2010 RF12

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2010 RF12
Discovered by Mount Lemmon Survey (G96)
Discovery date September 5, 2010
MPC designation 2010 RF12
Minor planet category Apollo NEO[2]
Orbital characteristics[2]
Epoch 2014-May-23
Aphelion 1.26 AU (Q)
Perihelion 0.8609 AU (q)
Semi-major axis 1.060 AU (a)
Eccentricity 0.1882
Orbital period 1.09 yr
Mean anomaly 76.41° (M)
Inclination 0.8823°
Longitude of ascending node 163.8°
Argument of perihelion 267.58°
Physical characteristics
Dimensions ~7 meters (23 ft)[3]
6–14 m (20–46 ft)
Mass 5×105 kg (assumed)[3]
Apparent magnitude 12–45
Absolute magnitude (H) 28.1[2]

2010 RF12 is a near-Earth asteroid that passed between the Earth and the Moon on September 8, 2010 at 21:12 UTC, approaching Earth within 79000kilometres above Antarctica.[4]

NASA's Near Earth Program estimates its size to be 7 metres in diameter with a mass of around 500 tonnes.[3] 2010 RF12 will make many more close approaches, with the approach of September 5−6, 2095 having a 6% chance (1 in 16) of colliding with Earth.[3][5] The nominal JPL Earth approach in 2095 is 0.000058 AU (8,700 km; 5,400 mi)[2] with Earth having a radius of approximately 6,400 km. Due to the asteroid's relatively small size there is little danger of harm arising from such an impact, rather there would be an impressive fireball as the rock airburst in the upper atmosphere.[6] The power of the airburst would be somewhere between the Sutter's Mill meteorite and the Chelyabinsk meteor. The nominal NEODyS orbit shows that the asteroid will pass 0.0001 AU (15,000 km; 9,300 mi) from Earth on September 6, 2095, with an apparent magnitude of ~12.[7]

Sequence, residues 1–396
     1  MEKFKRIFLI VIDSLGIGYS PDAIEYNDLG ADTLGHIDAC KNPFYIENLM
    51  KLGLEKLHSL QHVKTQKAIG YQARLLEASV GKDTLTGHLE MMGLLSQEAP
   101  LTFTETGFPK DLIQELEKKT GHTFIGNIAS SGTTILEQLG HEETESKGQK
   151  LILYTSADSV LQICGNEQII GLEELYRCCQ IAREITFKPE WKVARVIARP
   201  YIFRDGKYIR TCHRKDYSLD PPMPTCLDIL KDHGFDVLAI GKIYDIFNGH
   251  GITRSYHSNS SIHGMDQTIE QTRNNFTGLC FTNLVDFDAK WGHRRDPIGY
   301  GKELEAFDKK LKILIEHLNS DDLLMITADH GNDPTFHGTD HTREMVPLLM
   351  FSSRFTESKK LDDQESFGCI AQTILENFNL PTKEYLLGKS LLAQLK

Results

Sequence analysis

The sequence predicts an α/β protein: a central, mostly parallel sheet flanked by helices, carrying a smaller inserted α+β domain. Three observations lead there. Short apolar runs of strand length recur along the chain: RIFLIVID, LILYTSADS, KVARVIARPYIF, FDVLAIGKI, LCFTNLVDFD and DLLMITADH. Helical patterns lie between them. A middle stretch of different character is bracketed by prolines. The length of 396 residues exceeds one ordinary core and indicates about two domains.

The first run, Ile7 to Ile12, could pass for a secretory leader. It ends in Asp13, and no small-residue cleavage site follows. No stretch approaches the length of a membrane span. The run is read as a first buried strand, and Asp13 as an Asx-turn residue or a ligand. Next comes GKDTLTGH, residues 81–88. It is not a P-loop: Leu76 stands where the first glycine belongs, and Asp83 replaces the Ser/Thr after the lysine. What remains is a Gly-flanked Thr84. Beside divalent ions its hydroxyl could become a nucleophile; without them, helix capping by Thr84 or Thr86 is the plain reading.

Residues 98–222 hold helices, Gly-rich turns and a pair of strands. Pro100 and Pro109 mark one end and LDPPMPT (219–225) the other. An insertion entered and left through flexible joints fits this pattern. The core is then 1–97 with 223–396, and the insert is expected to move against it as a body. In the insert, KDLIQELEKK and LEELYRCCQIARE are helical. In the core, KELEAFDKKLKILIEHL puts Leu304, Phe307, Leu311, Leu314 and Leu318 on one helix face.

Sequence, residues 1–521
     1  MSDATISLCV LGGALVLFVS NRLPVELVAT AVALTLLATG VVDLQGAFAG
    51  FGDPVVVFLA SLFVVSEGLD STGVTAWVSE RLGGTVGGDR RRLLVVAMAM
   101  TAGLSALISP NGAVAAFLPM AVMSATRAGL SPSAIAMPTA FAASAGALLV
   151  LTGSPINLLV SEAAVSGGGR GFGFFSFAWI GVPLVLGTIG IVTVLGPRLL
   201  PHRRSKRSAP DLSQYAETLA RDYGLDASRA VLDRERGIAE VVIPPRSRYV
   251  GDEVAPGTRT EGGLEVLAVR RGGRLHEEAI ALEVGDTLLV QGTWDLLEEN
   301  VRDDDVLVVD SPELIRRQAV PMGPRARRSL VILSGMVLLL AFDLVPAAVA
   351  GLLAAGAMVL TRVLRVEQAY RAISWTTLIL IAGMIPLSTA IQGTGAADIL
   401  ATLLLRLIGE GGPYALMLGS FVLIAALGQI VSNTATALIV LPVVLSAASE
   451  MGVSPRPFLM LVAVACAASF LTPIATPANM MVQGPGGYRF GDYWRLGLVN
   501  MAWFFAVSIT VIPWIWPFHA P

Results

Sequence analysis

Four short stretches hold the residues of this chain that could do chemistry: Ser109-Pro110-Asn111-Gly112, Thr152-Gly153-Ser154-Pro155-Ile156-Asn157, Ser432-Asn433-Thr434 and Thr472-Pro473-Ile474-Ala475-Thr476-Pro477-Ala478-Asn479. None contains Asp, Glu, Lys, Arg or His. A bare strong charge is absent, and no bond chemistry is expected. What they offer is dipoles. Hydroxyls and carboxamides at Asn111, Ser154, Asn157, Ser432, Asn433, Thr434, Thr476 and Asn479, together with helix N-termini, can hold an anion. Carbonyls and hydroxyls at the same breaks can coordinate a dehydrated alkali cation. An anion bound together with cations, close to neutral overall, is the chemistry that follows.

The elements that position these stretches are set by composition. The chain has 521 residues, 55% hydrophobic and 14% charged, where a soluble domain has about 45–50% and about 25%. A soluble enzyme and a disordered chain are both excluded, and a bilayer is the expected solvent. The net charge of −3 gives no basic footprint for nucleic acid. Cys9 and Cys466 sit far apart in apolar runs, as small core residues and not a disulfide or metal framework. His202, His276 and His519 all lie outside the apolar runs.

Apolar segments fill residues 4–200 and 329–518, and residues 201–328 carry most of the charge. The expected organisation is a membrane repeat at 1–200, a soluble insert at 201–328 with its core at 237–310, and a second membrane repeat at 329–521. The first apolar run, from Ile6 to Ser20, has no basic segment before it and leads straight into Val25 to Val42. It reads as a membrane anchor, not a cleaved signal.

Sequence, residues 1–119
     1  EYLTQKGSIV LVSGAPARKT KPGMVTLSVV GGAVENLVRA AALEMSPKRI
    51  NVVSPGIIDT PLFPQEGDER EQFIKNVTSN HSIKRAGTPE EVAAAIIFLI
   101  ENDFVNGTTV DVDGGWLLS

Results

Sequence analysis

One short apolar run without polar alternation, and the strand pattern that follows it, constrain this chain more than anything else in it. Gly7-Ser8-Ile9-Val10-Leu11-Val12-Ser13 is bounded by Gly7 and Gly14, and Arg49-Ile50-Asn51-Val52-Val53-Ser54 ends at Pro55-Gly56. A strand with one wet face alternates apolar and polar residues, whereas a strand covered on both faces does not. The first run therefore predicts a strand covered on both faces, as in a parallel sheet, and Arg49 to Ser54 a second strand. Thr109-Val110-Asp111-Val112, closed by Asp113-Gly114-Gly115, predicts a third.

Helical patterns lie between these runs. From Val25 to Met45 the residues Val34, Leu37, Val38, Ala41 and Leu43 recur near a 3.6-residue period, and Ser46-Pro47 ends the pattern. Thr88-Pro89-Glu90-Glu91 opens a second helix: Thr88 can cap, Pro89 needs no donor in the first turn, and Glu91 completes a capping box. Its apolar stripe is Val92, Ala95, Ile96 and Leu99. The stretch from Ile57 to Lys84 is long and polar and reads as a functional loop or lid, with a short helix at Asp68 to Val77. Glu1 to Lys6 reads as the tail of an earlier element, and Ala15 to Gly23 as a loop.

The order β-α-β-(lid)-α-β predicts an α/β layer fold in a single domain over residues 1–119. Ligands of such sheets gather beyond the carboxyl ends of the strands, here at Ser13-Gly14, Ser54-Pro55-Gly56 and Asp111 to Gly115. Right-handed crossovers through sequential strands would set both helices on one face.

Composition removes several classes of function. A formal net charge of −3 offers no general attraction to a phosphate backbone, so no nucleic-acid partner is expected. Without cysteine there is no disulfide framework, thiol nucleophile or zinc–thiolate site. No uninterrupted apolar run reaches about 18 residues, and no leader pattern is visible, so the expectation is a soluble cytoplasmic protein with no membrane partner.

The asteroid was discovered by the Catalina Sky Survey near Tucson, Arizona on September 5, 2010 along with 2010 RX30.[8]

See also[edit]


  1. ^ "MPEC 2010-R41 : 2010 RF12". IAU Minor Planet Center. 2010-09-05. Retrieved 2014-04-17.  (K10R12F)
  2. ^ a b c d e "JPL Close-Approach Data: (2010 RF12)". 2010-09-08 last obs (arc=3 days). Retrieved 2013-08-12. 
  3. ^ a b c d "Earth Impact Risk Summary: 2010 RF12". NASA/JPL Near-Earth Object Program Office. Retrieved 2014-04-16. 
  4. ^ Harvard scientists keep an eye on wayward asteroids
  5. ^ "Impactor Table: 2010RF12". NEODyS-2. Retrieved 2014-04-16.  (1 in 12)
  6. ^ How a Near-Earth Object Impact Might Affect Society, 9 January 2003, Clark R. Chapman, SwRI, Boulder CO USA
  7. ^ "2010RF12 Ephemerides for 5−6 September 2095". NEODyS (Near Earth Objects – Dynamic Site). Retrieved 2014-04-17. 
  8. ^ Second Asteroid to Buzz Earth Later Today